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Dulaglutide injection may increase the risk that you will develop tumors of the thyroid gland, including medullary thyroid carcinoma (MTC; a type of thyroid cancer). Laboratory animals who were given dulaglutide developed tumors, but it is not known if this medication increases the risk of tumors in humans.Tell your doctor if you or anyone in your family has or has ever had MTC or Multiple Endocrine Neoplasia syndrome type 2 (MEN 2; condition that causes tumors in more than one gland in the body). If so, your doctor will probably tell you not to use dulaglutide injection. If you experience any of the following symptoms, call your doctor immediately: a lump or swelling in the neck; hoarseness; difficulty swallowing; or shortness of breath.
Keep all appointments with your doctor and the laboratory. Your doctor may order certain tests to check your body's response to dulaglutide injection.
Talk to your doctor about the risks of using dulaglutide injection.
Dulaglutide injection is used with a diet and exercise program to control blood sugar levels in adults with type 2 diabetes (condition in which the body does not use insulin normally and therefore cannot control the amount of sugar in the blood) when other medications did not control levels well enough. Dulaglutide injection is not used to treat type 1 diabetes (condition in which the body does not produce insulin and therefore cannot control the amount of sugar in the blood) or diabetic ketoacidosis (a serious condition that may develop if high blood sugar is not treated). Dulaglutide injection is in a class of medications called incretin mimetics. It works by helping the pancreas to release the right amount of insulin when blood sugar levels are high. Insulin helps move sugar from the blood into other body tissues where it is used for energy. Dulaglutide injection also works by slowing the movement of food through the stomach.
Over time, people who have diabetes and high blood sugar can develop serious or life-threatening complications, including heart disease, stroke, kidney problems, nerve damage, and eye problems. Using medication(s), making lifestyle changes (e.g., diet, exercise, quitting smoking), and regularly checking your blood sugar may help to manage your diabetes and improve your health. This therapy may also decrease your chances of having a heart attack, stroke, or other diabetes-related complications such as kidney failure, nerve damage (numb, cold legs or feet; decreased sexual ability in men and women), eye problems, including changes or loss of vision, or gum disease. Your doctor and other healthcare providers will talk to you about the best way to manage your diabetes.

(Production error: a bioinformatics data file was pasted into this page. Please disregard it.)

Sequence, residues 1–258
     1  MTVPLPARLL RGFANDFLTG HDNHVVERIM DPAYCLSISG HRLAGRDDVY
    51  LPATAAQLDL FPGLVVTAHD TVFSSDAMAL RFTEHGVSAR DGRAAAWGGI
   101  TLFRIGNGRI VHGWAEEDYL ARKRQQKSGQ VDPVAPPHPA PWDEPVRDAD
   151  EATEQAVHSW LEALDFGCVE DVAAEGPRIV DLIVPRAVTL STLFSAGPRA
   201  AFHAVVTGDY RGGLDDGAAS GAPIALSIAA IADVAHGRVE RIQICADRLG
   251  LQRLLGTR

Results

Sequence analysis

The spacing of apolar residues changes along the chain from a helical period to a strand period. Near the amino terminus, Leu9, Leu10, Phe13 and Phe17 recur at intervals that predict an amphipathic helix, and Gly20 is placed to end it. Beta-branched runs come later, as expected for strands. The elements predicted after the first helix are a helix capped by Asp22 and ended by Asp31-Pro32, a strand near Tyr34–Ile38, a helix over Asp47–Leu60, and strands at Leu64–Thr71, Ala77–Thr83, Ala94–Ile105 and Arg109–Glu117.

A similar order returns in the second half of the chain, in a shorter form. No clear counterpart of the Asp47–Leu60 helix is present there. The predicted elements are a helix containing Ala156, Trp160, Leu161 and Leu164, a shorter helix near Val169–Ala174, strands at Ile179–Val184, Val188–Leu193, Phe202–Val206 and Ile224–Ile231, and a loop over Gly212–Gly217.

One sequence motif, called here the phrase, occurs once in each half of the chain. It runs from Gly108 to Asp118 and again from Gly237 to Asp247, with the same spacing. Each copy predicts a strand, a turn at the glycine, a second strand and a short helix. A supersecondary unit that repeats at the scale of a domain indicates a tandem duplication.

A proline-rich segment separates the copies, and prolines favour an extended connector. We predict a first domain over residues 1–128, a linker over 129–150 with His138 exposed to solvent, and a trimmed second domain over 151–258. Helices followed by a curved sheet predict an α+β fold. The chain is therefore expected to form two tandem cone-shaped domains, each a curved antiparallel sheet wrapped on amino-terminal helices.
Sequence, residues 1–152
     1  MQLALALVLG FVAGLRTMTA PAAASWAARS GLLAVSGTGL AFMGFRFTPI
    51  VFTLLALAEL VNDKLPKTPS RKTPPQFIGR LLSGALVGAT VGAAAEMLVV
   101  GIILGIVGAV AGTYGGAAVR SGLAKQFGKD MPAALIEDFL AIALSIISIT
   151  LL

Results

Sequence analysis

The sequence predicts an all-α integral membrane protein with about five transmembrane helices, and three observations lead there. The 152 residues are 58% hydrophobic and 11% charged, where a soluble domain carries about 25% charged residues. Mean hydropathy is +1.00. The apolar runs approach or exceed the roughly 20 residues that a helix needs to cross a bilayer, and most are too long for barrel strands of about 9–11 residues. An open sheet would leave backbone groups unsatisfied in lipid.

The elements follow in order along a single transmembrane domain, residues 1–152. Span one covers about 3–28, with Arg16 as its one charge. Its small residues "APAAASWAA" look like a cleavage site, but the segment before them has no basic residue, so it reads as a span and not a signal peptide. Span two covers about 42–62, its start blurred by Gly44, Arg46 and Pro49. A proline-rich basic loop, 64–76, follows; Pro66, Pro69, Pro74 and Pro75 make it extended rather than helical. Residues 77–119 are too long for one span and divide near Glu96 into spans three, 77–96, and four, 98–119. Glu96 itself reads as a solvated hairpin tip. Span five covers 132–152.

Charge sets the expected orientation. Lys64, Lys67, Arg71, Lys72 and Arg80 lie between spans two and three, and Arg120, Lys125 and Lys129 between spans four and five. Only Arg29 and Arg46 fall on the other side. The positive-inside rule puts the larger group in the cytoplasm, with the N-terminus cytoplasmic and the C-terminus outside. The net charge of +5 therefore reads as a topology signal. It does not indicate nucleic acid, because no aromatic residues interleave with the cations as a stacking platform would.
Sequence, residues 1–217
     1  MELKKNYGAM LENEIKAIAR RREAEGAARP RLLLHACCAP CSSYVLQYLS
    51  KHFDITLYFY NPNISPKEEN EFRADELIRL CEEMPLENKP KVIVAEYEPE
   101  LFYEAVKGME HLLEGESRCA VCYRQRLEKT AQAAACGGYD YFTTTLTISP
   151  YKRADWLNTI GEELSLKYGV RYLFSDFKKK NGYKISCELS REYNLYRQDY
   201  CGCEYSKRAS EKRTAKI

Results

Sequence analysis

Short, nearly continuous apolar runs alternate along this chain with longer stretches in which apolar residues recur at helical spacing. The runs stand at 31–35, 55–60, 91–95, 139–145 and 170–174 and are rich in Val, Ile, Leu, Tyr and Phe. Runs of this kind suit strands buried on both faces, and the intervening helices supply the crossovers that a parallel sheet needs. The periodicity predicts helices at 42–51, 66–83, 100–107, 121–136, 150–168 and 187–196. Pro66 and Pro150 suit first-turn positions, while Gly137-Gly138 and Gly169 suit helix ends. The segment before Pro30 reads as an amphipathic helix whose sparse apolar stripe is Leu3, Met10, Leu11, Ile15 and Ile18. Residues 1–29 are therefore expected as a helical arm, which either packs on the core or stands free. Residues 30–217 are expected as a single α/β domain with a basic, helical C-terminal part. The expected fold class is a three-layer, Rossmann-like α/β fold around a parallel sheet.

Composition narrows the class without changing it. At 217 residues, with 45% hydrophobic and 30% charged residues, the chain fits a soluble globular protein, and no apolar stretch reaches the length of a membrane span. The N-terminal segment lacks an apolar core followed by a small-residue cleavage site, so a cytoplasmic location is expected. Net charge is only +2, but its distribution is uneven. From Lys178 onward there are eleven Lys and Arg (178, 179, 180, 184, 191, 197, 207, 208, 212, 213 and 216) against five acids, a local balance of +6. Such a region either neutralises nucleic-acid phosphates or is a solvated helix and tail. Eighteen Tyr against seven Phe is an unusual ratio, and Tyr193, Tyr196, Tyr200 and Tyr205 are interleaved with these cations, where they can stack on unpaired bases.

Dulaglutide injection comes as a solution (liquid) in a prefilled dosing pen or prefilled syringes to inject subcutaneously (under the skin) in your stomach, thigh, or upper arm. It is usually injected once a week without regard to meals. Use dulaglutide injection on the same day each week at any time of day. You may change the day of the week that you use dulaglutide as long as it has been 3 or more days since you used your last dose. Follow the directions on your prescription label carefully, and ask your doctor or pharmacist to explain any part you do not understand. Use dulaglutide injection exactly as directed. Do not use more or less of it or use it more often than prescribed by your doctor.
Dulaglutide injection controls diabetes but does not cure it. Continue to use dulaglutide injection even if you feel well. Do not stop using dulaglutide injection without talking to your doctor.
Dulaglutide comes in prefilled dosing pens and prefilled syringes that contain enough medication for one dose. Always inject dulaglutide in its own prefilled dosing pen or syringe; never mix it with any other medication.
Carefully read the manufacturer's instructions for use that comes with the medication. These instructions describe how to prepare and inject a dose of dulaglutide injection. Be sure to ask your pharmacist or doctor if you have any questions about how to inject this medication.
Always look at dulaglutide solution before you inject it. It should be clear, colorless, and free of solid particles.
You can inject dulaglutide in your upper arm, thigh, or stomach area. Never inject dulaglutide into a vein or muscle. Change (rotate) the injection site within the chosen area with each dose. You can inject dulaglutide and insulin in the same body area, but you should not give the injections right next to each other.
Never reuse or share needles or pens. Dispose of needles in a puncture-resistant container. Ask your doctor or pharmacist how to dispose of the puncture resistant container.
Before using dulaglutide,